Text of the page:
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How to Transplant Seedlings

You have pampered your baby seedlings indoors, painstakingly giving them water, nutrients and as much sunlight as you possibly could. You took them on the deck on warm, sunny days, and brought them indoors on cold nights.

Finally, the last frost date in your area has just past. Your healthy, vigorous seedlings are ready to "move out", and cozy into their summer home. You want to do so, while avoiding transplant shock, which can slow down the growth of your plants.

So, its time to review Seedling Transplanting Basics..............

Let's start with a quick overview of what causes transplanting shock:

  • Disturbing and damaging roots, as you plant your seedling. Tiny feeder roots are easily broken.

  • Cold temperatures. Your young plants were cozy indoors or in a hot house or greenhouse. Freezing weather may kill them. And, cold weather can stunt their growth. Hopefully, you have been hardening off your seedlings.

  • Dry or wet soils. Young seedling, needs moist soil. If wet spring weather has left your soil soggy, allow excess water to drain a bit, before declaring today as "Transplanting Day". You may also want to raise the garden soil a little, to help excess water to drain off.

  • Hot sunlight can cause your young transplants to wilt, especially if their roots have been disturbed.

How to Transplant Seedlings:

  1. Prepare the garden in advance of transplanting day.

  2. Mix ample amounts of compost and peat moss into the soil. About Peat Moss

  3. Check soil pH. Adjust, as needed. See soil pH

  4. Transplant frost-sensitive seedlings after the last frost date in your area. Cold weather can slow the growth of your plants. If cold weather is still forecasted, hold off transplanting for a day or so.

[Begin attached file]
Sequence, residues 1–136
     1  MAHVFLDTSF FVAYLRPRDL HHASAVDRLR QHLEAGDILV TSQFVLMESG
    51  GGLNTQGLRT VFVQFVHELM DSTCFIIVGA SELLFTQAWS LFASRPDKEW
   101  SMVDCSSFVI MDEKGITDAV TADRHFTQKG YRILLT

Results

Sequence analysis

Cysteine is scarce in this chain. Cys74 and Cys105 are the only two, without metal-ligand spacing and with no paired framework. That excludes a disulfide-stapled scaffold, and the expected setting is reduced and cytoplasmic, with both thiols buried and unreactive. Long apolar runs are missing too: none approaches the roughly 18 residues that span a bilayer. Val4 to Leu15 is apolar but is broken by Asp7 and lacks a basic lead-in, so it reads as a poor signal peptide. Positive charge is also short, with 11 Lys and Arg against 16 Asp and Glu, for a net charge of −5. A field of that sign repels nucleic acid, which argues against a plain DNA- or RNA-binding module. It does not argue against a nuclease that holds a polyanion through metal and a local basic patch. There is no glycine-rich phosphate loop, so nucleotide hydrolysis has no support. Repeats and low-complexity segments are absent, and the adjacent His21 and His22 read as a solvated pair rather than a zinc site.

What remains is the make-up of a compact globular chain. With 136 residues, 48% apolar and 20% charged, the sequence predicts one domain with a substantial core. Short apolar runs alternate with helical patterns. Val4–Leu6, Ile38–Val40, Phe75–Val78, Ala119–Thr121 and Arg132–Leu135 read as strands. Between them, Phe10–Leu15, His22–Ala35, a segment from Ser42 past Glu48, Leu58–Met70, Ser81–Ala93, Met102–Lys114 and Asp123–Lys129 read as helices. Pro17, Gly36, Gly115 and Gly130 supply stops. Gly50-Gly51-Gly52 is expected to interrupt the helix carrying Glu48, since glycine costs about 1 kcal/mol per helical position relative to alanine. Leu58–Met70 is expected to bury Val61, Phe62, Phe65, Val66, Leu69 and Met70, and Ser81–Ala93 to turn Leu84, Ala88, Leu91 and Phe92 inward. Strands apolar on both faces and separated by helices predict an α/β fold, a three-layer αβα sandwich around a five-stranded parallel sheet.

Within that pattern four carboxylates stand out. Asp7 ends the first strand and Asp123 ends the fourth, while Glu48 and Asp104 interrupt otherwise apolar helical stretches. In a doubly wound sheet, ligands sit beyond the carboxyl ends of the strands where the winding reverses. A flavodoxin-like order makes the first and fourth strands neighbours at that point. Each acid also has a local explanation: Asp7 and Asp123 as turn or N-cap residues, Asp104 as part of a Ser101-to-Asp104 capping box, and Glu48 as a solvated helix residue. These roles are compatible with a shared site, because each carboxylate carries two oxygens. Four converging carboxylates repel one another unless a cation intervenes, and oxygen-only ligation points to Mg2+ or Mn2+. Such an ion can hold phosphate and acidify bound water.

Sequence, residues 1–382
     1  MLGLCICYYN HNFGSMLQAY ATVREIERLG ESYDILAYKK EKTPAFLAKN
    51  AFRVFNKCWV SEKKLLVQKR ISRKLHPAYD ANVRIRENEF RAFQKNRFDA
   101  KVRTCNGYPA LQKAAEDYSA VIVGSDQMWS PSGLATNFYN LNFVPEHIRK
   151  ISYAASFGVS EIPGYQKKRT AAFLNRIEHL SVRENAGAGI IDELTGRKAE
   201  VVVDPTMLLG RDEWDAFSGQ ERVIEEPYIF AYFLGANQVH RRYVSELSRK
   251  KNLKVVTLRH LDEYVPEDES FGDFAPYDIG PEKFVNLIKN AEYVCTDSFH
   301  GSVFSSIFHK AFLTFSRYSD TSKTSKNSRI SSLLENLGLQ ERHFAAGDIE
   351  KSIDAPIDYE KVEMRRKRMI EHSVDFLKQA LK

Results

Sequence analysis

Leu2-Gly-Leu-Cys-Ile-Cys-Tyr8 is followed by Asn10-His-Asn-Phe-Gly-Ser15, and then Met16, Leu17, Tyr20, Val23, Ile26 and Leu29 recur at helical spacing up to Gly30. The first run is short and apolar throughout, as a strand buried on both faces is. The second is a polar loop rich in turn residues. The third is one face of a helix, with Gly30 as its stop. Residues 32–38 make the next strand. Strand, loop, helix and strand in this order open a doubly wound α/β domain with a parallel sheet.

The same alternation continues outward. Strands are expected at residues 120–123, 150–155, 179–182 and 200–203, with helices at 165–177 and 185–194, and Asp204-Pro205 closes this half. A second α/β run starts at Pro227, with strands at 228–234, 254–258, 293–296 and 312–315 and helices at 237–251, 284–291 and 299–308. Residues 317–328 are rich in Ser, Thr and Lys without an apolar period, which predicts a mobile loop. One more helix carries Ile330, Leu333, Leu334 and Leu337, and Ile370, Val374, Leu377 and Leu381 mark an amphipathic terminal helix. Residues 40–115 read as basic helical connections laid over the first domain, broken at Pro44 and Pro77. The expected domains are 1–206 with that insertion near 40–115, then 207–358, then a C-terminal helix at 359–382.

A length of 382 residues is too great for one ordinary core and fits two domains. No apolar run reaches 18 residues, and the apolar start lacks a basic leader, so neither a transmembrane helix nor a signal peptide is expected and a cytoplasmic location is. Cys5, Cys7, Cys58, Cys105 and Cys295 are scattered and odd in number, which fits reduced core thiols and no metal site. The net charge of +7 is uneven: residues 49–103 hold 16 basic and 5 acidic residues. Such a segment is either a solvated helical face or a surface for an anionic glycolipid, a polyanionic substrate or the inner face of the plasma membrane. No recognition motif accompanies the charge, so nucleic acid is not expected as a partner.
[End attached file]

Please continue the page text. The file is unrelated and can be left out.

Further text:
5. Select a cool, cloudy day. Hot sunshine, warm temperatures, and dry winds, can temporarily wilt transplants. If you can't wait, provide shade cover for a day or two.

  6. Dig a hole twice the size of the roots. Set the roots into the hole. If you are using peat pots, just set the pot right inside of the hole.  The roots will be completely undisturbed, and will quickly and easily penetrate the pots and grow into the garden soil.

  7. If you are using plastic pots, loosen the soil around the inside of the pot with a knife. Then, very gently remove the roots from the pot.

  8. Fill in the planting hole with a combination of garden soil, compost and peat moss.  

  9. Press down ever so gently, but be careful not to stress or damage the roots.

  10. Sprinkle a light application of fertilizer around the plant. Or, water with liquid fertilizer.

  11. Water the plant thoroughly. Then, keep the soil moist for several days, to help the roots to re-develop.

Peat pots are organic, as they are made from peat. Peat is compressed into round or square pots of varying sizes, from 2 -1/2 inches to 5 inches in diameter. The peat pots are organic and porous, yet strong enough to hold seed starting soil and your  favorite, young seedlings. At planting time, transplant seedling in the pot right into the garden, minimizing transplant shock. Roots will easily grow through the pots.   Buy Peat Pots 

Did You Know? Jiffy was the first company to produce peat pots, beginning in the early 1950's.

Peat pellets

Peat pellets - are compressed peat held together in a string-like netting. Add water and it expands. Peat pellets are popular for their ease of use. They also minimize transplant shock. While it is made from peat, peat pellets are not completely organic. They have a small charge of fertilizer in them. The netting is made of nylon, cornstarch and cotton.

Related Topics

About Peatlands and Peat Bogs

About Peat Moss

Seed Starter Supplies - seed what's out on the market, to help get your indoor seedlings off to a great start.

Transplanting trees, bushes ad shrubs


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